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I bought my copy of "What Every Woman Ought To Know" from The Works for £1.99. My attention was caught by the colour tinted front cover picture of a winking Edwardian lady. I don't know what the photo was originally used for, but it sets the tone for a humourous book, one that is unintentionally so most of the time!
Although the author is listed on the front of the book as Constance Mortimer, the copyright information credits the author as being a Gavin Mortimer. The rear cover explains that Constance is Gavin "in real life" and definitely a man. I am not sure what the point of the pretence is, although apparently many advice columns were actually written by men in the past, so perhaps it is intended as a joke about that.
The book is a small hardback, about the size of a standard novel. Although the cover is colourful, there are not any pictures inside. It is a compilation of letters written to womans magazines and newspaper "agony aunt" columns in the late 19th and early 20th centuries, along with their published replies. Some of letters and answers come from American publications, while the majority are from British ones. The letters cover all sorts of subjects - romantic problems, household management subjects, fashion, beauty, and self improvement to name a few. Some the solutions are brief such as the simple "yes" when asked if it was a womans place to speak first when meeting someone she knew in the street. Others get lengthier replies. Although the book is classed as humour, and many of the problems seem funny, at least now that enough time has passed, some are quite the opposite. I think letters from woman asking how to feel less lonely and how to effectively make their lives worth living are moving however old the letters are. The difficulties of choosing a husband come with the terrifying underlying fear of being left an "old maid", and dependent on relatives for everything. Thankfully there are plenty of lighter problems too. Some wouldn't seem out of place in a modern womans magazine such as how to tell if you are in love for the first time, or how to deal with spots. In others the problems make the past seem more distant, such as the thorny issue of whether you could greet someone you had not been formally introduced to, or whether if was morally safe for a 17 year old girl to read novels.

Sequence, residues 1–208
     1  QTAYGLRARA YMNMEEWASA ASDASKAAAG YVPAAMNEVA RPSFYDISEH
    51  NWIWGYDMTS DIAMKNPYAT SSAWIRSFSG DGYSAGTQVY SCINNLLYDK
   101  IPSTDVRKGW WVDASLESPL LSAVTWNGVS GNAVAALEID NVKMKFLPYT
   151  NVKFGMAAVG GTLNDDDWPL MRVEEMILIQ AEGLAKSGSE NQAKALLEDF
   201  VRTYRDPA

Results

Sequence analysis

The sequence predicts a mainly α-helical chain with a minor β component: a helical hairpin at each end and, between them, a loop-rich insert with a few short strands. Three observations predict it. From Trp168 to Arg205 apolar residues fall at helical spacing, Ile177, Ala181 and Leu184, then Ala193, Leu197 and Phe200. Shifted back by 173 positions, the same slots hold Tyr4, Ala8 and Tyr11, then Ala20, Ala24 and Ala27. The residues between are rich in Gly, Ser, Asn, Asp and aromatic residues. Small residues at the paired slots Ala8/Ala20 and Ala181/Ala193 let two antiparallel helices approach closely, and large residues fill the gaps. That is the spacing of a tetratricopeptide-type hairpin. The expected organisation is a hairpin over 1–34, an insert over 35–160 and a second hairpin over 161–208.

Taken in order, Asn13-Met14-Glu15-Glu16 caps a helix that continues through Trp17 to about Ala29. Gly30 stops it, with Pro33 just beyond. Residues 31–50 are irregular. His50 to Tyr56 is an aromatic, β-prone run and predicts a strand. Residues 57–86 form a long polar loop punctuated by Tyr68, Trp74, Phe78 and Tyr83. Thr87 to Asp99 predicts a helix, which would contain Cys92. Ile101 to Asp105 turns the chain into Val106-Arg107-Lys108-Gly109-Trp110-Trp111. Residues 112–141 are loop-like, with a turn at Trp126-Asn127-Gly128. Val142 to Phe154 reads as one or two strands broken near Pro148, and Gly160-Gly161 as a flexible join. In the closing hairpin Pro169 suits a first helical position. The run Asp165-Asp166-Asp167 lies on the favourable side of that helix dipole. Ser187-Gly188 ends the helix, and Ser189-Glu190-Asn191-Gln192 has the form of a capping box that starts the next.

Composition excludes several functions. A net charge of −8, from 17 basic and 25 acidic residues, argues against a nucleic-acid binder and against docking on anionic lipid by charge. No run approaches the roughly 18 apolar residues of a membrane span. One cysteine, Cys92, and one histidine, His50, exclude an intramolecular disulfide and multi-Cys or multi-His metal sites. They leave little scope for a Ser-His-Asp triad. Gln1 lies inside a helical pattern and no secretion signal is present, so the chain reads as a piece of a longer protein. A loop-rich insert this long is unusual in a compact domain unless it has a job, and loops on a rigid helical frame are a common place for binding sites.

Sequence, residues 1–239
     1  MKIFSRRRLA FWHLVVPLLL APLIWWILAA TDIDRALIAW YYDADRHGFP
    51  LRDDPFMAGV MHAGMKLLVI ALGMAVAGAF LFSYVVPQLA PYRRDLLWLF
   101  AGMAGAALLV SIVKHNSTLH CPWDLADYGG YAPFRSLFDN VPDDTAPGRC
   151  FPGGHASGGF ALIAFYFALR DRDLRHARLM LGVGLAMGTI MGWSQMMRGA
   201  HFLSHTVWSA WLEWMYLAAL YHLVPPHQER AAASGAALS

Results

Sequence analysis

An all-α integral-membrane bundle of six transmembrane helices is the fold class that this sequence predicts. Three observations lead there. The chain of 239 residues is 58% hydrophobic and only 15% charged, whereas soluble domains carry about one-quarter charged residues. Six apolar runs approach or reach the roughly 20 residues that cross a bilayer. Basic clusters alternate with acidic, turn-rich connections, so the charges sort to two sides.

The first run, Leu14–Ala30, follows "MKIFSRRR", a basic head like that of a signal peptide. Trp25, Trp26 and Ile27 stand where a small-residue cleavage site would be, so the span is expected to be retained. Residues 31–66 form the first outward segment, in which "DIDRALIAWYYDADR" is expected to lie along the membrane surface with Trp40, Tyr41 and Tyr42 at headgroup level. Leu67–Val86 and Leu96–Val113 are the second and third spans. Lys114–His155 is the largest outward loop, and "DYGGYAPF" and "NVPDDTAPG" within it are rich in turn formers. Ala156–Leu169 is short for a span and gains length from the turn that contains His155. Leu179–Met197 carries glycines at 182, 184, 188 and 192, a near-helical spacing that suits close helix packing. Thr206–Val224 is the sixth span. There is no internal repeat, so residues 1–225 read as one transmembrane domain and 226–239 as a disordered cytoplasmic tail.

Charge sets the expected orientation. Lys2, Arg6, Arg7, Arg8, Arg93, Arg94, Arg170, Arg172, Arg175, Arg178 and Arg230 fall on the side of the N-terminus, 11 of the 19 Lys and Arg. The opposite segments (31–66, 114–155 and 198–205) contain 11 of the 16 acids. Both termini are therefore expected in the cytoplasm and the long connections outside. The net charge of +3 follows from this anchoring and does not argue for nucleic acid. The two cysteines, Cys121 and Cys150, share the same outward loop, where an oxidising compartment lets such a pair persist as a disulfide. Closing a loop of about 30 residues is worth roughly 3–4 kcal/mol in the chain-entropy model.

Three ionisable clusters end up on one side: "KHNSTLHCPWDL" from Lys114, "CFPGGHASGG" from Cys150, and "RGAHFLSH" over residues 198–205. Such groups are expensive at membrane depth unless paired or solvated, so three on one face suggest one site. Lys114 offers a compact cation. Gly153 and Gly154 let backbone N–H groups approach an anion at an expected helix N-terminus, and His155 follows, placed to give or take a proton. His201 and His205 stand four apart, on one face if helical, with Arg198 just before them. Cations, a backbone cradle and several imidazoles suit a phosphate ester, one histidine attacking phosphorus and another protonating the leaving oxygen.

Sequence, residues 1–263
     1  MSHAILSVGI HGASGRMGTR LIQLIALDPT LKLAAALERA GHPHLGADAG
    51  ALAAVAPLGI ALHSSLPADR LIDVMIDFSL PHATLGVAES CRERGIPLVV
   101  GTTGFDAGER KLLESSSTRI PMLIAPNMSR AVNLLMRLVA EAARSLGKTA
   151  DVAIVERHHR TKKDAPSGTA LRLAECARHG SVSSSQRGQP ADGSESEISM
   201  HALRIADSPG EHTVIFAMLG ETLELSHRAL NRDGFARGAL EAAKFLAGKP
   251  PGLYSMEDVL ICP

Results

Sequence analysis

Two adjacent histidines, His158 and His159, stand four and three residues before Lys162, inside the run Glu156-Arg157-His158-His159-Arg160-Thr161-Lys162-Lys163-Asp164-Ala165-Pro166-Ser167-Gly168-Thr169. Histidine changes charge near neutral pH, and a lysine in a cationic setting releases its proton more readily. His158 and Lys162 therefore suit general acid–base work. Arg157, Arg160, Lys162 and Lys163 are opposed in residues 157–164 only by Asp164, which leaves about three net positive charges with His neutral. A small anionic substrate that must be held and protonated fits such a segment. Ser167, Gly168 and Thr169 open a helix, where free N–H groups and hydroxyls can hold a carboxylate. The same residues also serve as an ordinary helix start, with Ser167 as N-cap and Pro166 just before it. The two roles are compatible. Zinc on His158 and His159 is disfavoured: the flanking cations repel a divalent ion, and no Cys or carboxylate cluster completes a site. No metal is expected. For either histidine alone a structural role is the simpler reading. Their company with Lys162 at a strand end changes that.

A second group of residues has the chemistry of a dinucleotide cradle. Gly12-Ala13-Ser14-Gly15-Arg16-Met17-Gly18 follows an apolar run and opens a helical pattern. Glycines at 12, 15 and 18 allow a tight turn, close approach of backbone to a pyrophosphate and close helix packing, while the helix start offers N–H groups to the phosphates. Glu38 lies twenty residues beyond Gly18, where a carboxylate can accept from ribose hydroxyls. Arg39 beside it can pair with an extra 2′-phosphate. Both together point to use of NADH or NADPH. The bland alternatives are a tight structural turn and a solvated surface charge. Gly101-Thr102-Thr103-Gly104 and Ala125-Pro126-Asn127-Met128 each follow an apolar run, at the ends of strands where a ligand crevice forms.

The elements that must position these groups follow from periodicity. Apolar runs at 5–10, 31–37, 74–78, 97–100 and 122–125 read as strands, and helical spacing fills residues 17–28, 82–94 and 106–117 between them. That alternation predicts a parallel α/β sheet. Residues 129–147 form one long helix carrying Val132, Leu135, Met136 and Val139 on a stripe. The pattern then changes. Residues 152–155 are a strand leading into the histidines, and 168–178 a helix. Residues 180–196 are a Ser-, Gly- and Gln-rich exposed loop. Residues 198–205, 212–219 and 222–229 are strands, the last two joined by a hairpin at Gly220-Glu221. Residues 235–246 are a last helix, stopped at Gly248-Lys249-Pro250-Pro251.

The authors of the advice are annoymous, tending to go by names such as "Amor" . It is a shame we don't get to know more about some of them. It would have been interesting to know what the qualifications in the loosest sense they actually had to give out the advice they did. In general, this isn't the sort of book you would go to to find actual "retro" advice you could use today. Well, perhaps some people would be tempted to try cures for a grey hair involving rum, coconut and iron citrate than I would be! There are a few recipes that would be do-able but they don't appeal to me as they are not in general vegetarian. I think the general pleasure of the book for me is the odder entries. I have heard of the Victorian language of flowers, in which one person could chose the flowers in their bouquet depending on what the flowers were supposed to symbolise. I had never heard of the secret language of postage stamps though. If you really want to upset Royal mail, you could put your stamp upside down in the left hand corner to give a secret message to your correspondant meaning "I love you". Try that on your tax return. Elsewhere you can learn how to tell someone's character from their eye colour - someone with dark blue ones apparently "lacks intellectuality". It doesn't do you much good to have eyes a pale shade of blue either - that denotes a selfish and listless nature! I am going to call my eyes mid blue from now on..
The entries are short, so this is a book that is easy to dip in and out of. It is the sort of thing I read while waiting for a train and I end up reading books in snatches. I would recommend it if you are interested in history, and want something different to read. You can learn a lot about the past without feeling you are reading a textbook. There isn't anything to put the advice in context but as a humour book, that is to be expected. Although I bought my copy in The Works some time ago, I have seen it in there recently, for the increased price of £2.99. The cover price is £10.99 which isn't too bad for a small hardback.